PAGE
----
Tag Archives: Sir Zelman Cowen School of Music


Enrico Rava

Enrico Rava                       (Image supplied)


The Monash Sessions: Enrico Rava, Thursday 30 October at Bennetts Lane Jazz Club in Melbourne

It has become a tradition for Monash University to arrange for its students of improvised music to learn from some of the world’s great jazz musicians, either by having them visit or by taking the students overseass. The results of these working sessions have resulted in significant recordings in The Monash Sessions project — a recording initiative by Associate Professor and Head of School, Robert Burke, and Jazzhead.

Now, before Italy’s trumpet maestro Enrico Rava makes his headline appearance at the Wangaratta Festival of Jazz & Blues, Jazzhead is thrilled to announce the release of the 11-track album The Monash Sessions: Enrico Rava. The album will effectively be launched twice, on Thursday 30 October at Bennetts Lane Jazz Club in Melbourne and on the following evening at Wangaratta. Rava, in Australia for the first time, will be joined by staff and students.

In December last year, 35 jazz students from the Sir Zelman Cowen School of Music travelled to the Monash University Prato Centre in Italy to undertake an intensive three-week performance unit. As part of their study, students were given the opportunity to perform and record with Rava, one of the seminal figures of the European jazz scene.

Rava, an ECM artist, has released over 50 albums during his career, performing alongside greats such as Gil Evans, Cecil Taylor, Joe Henderson, John Abercrombie, Pat Metheny, and Dave Douglas.

The Monash Sessions: Enrico Rava was mixed and mastered at the Sonoria Recording Plant in Prato, Italy, by Andrea Benassai, and produced by Robert Burke and Mirko Guerrini.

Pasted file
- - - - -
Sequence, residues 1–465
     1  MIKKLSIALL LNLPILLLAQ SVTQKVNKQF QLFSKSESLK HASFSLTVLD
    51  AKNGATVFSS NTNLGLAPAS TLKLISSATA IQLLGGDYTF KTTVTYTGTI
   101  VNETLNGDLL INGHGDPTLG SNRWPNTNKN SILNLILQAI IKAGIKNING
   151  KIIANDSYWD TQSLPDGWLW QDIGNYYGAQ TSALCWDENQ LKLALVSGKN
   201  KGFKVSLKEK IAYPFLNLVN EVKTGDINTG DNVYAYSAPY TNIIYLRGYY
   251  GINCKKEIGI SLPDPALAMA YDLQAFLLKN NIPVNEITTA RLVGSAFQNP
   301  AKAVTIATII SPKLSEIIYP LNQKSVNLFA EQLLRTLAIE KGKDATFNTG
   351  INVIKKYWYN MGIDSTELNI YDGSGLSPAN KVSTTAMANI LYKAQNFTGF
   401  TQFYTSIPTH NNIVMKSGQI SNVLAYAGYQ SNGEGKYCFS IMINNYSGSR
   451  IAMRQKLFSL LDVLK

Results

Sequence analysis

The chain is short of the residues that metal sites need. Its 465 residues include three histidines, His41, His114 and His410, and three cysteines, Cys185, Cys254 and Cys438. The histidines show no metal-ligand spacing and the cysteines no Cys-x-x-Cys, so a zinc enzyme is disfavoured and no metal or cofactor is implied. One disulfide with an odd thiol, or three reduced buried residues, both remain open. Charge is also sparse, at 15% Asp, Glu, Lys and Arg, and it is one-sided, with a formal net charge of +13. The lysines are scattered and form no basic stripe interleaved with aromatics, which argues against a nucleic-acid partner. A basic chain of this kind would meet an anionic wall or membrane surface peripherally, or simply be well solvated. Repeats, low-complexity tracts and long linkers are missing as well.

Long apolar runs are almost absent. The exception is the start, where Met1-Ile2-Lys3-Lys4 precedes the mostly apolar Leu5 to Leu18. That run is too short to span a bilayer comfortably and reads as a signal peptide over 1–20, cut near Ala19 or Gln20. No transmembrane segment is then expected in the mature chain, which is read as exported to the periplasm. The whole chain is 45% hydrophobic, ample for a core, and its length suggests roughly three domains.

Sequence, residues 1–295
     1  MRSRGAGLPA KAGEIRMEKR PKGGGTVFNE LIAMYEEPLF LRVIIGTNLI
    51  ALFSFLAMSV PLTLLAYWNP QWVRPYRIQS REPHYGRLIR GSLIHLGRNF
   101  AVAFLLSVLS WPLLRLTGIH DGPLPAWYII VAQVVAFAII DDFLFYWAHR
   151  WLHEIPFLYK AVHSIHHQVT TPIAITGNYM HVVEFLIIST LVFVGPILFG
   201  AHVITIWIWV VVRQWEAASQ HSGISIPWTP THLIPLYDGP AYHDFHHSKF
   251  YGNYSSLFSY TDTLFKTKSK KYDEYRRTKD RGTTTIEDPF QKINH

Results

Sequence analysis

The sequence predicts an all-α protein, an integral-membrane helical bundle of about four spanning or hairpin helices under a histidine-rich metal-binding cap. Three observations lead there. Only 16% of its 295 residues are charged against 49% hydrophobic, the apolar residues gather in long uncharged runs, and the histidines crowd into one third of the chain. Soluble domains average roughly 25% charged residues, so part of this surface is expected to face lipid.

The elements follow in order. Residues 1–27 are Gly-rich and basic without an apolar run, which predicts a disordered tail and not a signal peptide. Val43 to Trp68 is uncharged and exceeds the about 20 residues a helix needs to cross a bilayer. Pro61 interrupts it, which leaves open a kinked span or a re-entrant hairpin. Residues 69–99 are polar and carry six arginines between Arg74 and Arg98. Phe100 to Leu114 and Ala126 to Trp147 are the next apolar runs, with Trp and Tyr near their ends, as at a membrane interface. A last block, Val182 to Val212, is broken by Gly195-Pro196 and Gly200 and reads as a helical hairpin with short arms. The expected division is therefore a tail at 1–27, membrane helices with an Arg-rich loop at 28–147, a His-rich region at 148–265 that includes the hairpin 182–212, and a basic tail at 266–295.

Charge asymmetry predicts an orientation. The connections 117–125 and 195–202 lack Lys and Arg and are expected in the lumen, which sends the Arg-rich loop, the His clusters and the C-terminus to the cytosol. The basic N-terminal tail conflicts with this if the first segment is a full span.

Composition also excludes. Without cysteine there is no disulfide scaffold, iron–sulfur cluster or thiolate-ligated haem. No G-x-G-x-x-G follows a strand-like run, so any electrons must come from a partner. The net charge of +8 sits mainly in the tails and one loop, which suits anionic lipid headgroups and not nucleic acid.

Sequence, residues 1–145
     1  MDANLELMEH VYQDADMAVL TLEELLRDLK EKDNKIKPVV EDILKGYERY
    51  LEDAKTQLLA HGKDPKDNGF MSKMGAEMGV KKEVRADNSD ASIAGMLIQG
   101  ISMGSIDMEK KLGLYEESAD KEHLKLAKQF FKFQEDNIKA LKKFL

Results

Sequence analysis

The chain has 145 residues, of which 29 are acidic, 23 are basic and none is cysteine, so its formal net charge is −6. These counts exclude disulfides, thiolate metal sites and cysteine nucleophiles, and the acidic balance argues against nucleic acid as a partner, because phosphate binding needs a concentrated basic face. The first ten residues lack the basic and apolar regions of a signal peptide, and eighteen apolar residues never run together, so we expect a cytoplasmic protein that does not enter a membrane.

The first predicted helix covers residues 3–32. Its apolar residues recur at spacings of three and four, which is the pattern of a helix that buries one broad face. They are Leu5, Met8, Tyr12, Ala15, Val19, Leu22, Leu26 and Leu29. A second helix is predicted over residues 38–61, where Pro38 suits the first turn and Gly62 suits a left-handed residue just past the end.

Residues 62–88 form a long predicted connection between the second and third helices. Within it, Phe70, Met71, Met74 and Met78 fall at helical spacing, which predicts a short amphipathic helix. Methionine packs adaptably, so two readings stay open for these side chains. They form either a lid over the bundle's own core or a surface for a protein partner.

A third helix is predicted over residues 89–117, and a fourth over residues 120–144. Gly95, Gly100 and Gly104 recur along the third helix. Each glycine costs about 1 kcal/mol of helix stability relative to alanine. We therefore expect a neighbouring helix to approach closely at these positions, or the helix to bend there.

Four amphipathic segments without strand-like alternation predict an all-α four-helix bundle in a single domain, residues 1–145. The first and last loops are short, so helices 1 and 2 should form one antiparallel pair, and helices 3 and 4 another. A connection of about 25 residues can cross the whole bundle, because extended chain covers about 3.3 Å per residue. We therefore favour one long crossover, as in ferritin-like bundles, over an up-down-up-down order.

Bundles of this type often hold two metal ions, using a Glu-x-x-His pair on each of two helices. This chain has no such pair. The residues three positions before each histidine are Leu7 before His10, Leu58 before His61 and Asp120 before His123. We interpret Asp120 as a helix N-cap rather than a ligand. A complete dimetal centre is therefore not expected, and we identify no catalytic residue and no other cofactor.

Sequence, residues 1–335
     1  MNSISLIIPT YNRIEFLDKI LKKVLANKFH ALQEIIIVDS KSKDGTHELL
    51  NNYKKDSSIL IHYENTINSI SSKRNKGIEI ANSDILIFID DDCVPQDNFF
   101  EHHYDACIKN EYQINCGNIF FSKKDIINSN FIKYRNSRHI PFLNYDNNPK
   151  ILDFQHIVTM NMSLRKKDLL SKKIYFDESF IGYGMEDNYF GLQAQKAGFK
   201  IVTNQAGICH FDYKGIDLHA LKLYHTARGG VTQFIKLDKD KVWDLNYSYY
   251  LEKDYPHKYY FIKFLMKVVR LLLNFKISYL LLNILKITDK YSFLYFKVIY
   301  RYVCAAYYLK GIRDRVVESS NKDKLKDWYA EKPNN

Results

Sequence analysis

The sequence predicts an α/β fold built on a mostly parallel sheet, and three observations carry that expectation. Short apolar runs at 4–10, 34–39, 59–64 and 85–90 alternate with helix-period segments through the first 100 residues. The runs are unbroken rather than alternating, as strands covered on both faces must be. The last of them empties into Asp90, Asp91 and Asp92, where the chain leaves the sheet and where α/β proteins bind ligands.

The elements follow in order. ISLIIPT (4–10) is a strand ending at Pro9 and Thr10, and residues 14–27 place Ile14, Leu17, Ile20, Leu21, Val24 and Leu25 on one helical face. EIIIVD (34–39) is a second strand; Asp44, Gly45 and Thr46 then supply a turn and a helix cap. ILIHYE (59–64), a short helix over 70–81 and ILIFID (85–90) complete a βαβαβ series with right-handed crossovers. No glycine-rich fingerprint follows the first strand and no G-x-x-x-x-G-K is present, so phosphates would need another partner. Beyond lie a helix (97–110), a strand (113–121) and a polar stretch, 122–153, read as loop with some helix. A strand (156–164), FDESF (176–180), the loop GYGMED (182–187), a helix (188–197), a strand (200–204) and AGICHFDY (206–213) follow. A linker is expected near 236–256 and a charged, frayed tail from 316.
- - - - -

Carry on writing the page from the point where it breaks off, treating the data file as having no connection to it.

It features music faculty members Paul Grabowsky (piano), Rob Burke and Mirko Guerrini (saxophones), Stephen Magnusson (guitar) as well as students Josh Kelly (alto), Paul Cornelius (tenor), Stephen Byth (tenor), pianists Daniel Mougerman and Joel Trigg, bassists Josh Manusama and Hiroki Hoshino, and drummers Rob Mercer, Cameron Sexton and Zeke Ruckman.

Jazzhead describes this album, recorded over two days, as having “a distinct Italian approach”, and being “relaxed but distinctly intense”. “Noted are the beautiful trumpet sound and passionate lyrical lines produced by Rava, conveying potent meaning and harmonic perfection.”


Oct 30 Bennetts Lane, Melbourne
Oct 31 WPAC Theatre, Wangaratta Jazz Festival


Students from The Sir Zelman Cowen School of Music at Monash University

Sir Zelman Cowen School of Music students from Monash University perform the music of Charles Lloyd.

PICTORIAL UPDATE: Melbourne International Jazz Festival, Saturday 31 May, 2014 at The Salon, Melbourne Recital Centre

Festivals are about more than just providing a feast of music. Through masterclasses and conversation sessions they perform an educative role — for lovers of music and students taking the rocky road to becoming working musicians.

Over recent years it has been hard to keep count of how many young Australian jazz musicians have moved to New York City or to cities in Europe to study and gain experience. Many return only on visits. It’s fair to say these musicians are a significant export.

At The Salon yesterday evening as part of Explorations in Jazz, three groups of Monash University students from the Sir Zelman Cowen School of Music had a chance to show what they had learned in some intensive one-hour sessions with visiting jazz greats Charles Lloyd, Reuben Rogers and Eric Harland.

Michael Tortoni at The Salon, Melbourne Recital Centre

Michael Tortoni at The Salon, Melbourne Recital Centre

Melbourne International Jazz Festival artistic director Michael Tortoni opened proceedings and had a chance to hear the result before heading to the Reverence Hotel in Footscray, where the Horns of Leroy were performing as part the MIJF’s first foray out in Melbourne’s western suburbs.

Rob Burke

Rob Burke

Associate Professor Rob Burke then introduced Charles Lloyd, who spoke briefly about the time he, Rogers and Harland had spent with the students and about jazz as “music of freedom and wonder”.

Then each group played two Lloyd tunes — Fish Out of Water, Blow Wind, Little Peace, Passing Through, Sweet Georgia Bright and Forest Flower.

Students from The Sir Zelman Cowen School of Music at Monash University

Reuben Rogers introduces students from Monash University

Group 2 had the advantage of being joined by Rogers and Harland, which really provided a solid foundation and kept things moving.

Students from The Sir Zelman Cowen School of Music at Monash University